OWGR says no (for now) to LIV Golf’s workaround to get World Ranking points


With its attempted backdoor channel to World Ranking points cut off, at least for now, the LIV Golf series soldiers on with this week’s LIV Golf Invitational Bangkok. The 48 players in the field at Stonehill are playing for another $25 million and, seemingly, with a growing chip on their shoulders.

In a move that appeared to be an attempt to circumvent the review process for eligibility, the upstart Saudi-backed group announced on Wednesday a partnership with the MENA Tour, a developmental tour founded in 2011 and based in Dubai that already had OWGR accreditation. LIV officials touted the move as a way for its LIV Golf Invitational events, which don’t currently receive points, to immediately begin doing so starting with no-cut 54-hole tournament that gets underway on Friday.

“I think from a player standpoint, it feels great to have everyone at LIV fighting so hard for the players and their best interests,” Phil Mickelson said from Bangkok. “I think for the World Golf Rankings, this is a great way to keep its credibility, while not bringing in politics into the decision-making process. I think it’s good for all parties.”

The OWGR didn’t see it that way. On Thursday, the organization released a statement acknowledging it had received communication from MENA outlining changes to its membership structure and that it was beginning the review process on its changes. However, the ranking organization said that LIV still is not eligible for points in Thailand or in its event in Saudi Arabia next week.

“Notice of these changes given by the MENA Tour is insufficient to allow OWGR to conduct the customary necessary review ahead of the LIV Golf Invitational Bangkok (7-9 October) and LIV Golf Invitational Jeddah (14-16 October),” the OWGR statement read. “Only after the review is complete will a decision be made on awarding points to the MENA Tour’s new ‘Limited Field Tournaments’, defined by the MENA Tour in its Regulations as ‘any MENA Tour-approved tournament, which comprises of a player field of less than 80 players.’”

Begun in 2011 and approved for World Ranking points in 2016, the MENA Tour, with events primarily in the Middle East and North Africa, has not conducted a tournament since before the pandemic in 2019. It now appears to have the ability to go forward with financial help from LIV Golf while absorbing LIV events into its schedule—and thereby ostensibly helping LIV to meet OWGR criteria.

On Thursday, the MENA Tour sent a letter to its membership—which now includes LIV golfers—with an updated schedule through June 2023 and revisions to its player categories. Those categories include recent participants in the Ryder Cup or Presidents Cup in the last five years, major winners since 2010 not otherwise exempt, and players ranked in the top 150 in the world as of Week 23 of this year, which corresponds to the first LIV event in early June in London. The events listed offer purses of $20 million or $75,000 and the letter states that “all events shall be open to MENA Tour members to enter.”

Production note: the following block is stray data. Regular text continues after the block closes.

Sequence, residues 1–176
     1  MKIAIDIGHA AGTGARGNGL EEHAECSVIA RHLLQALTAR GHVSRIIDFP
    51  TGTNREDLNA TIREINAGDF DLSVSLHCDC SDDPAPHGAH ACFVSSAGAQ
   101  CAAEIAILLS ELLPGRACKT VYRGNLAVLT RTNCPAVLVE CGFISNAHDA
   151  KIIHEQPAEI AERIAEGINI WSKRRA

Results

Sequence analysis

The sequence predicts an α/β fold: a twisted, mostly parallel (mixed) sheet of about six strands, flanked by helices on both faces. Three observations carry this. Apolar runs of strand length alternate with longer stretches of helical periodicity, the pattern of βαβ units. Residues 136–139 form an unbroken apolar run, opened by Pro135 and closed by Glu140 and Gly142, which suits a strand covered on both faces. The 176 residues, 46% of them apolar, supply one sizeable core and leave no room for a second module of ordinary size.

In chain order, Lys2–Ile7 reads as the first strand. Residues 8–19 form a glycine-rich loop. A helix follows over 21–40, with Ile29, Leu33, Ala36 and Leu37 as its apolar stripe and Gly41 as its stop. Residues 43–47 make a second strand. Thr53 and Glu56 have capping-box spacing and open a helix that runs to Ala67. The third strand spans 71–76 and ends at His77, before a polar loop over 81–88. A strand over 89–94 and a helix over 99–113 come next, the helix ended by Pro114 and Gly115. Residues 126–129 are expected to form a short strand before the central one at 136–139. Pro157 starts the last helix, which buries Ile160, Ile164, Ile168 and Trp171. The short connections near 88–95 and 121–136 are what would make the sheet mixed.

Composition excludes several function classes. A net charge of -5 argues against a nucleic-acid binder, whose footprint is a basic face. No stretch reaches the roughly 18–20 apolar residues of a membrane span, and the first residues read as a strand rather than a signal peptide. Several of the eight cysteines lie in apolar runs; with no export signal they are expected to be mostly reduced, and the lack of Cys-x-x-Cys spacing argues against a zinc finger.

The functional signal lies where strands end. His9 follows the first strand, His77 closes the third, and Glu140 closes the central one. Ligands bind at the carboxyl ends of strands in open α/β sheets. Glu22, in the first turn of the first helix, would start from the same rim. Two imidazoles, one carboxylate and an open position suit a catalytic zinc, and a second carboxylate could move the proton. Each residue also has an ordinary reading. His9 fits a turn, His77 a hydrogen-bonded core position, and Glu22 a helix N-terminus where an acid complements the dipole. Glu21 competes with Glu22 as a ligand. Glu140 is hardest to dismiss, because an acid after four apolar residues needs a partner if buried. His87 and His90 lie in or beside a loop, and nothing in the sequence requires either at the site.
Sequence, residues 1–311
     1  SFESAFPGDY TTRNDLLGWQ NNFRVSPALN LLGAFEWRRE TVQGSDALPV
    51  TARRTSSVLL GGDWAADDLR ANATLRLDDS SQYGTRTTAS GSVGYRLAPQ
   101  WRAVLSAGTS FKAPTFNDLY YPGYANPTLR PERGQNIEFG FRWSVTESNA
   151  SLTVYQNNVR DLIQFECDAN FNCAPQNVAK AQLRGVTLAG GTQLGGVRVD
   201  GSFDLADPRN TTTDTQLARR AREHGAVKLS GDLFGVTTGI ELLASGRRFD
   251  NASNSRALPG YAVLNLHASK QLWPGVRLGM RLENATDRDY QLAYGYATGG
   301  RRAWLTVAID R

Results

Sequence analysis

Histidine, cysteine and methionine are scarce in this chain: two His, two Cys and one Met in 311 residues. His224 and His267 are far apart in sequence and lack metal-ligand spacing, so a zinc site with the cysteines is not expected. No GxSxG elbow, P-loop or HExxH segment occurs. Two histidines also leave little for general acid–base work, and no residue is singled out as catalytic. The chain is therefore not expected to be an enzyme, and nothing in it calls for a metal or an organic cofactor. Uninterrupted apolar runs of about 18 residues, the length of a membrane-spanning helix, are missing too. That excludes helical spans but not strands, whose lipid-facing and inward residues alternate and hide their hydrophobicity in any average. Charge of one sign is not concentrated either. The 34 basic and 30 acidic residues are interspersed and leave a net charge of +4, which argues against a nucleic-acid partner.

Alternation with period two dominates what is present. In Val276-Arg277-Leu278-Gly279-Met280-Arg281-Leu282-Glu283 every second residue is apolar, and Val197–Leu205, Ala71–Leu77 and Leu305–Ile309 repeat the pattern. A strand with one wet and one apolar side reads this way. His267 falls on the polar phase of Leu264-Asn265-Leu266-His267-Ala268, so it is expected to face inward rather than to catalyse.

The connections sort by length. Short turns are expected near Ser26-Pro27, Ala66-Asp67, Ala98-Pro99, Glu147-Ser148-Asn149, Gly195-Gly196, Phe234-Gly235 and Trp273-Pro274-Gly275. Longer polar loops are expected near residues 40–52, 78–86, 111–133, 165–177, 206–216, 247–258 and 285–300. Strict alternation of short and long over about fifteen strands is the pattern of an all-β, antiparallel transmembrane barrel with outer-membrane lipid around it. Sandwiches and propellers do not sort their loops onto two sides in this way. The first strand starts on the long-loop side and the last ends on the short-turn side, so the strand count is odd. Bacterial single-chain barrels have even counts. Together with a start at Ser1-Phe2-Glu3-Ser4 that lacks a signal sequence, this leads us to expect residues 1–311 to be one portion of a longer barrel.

LIV Golf already has a partnership with the Asian Tour, which submitted an application to OWGR on behalf of LIV on July 6. However, because the Asian Tour has an established set of membership guidelines, LIV had to reach down to the MENA Tour, which has access to the Asian Developmental Tour and then by extension to the Asian Tour and LIV Golf.

The process for OWGR inclusion can take one or two years to complete—and after that there is a standard three-year probationary period. Furthermore, the OWGR bylaws state that a prospective tour must adhere to the OWGR guidelines for at least one year immediately prior to inclusion. That would seemingly keep LIV Golf outside the OWGR universe until at least 2024.

“I think with the quality of players we have out here, with the events we are playing, we should have [ranking points],’’ Dustin Johnson, who has slipped to 23rd in the world, said in a press conference on Thursday. “I don’t see how they don’t award us points. I think it’s supposed to be a non-biased organization. We are playing golf, competing with some of the best golfers in the world, so yes, we should be awarded points.”

“For me it’s fairly obvious that the world rankings don’t make sense without recognizing this tour,’’ Graeme McDowell told SI.com. “I understand there are boxes you have to tick. I understand that the guy making those decisions from the world ranking are very conflicted in this situation. Common sense has to prevail at some point.”

The OWGR added in its statement on Thursday that official MENA Tour events played over 54 or 72 holes with a 36-hole cut remain eligible for OWGR inclusion. MENA’s letter to players indicates 15 upcoming tournaments. However, a source familiar with OWGR criteria told Golf Digest that MENA risks decertification if it appears that it might be changing its competition format to align with LIV. As of now, there is no indication that is being considered. Of course, MENA’s decertification would represent another blow to LIV Golf’s goal of joining the OWGR.

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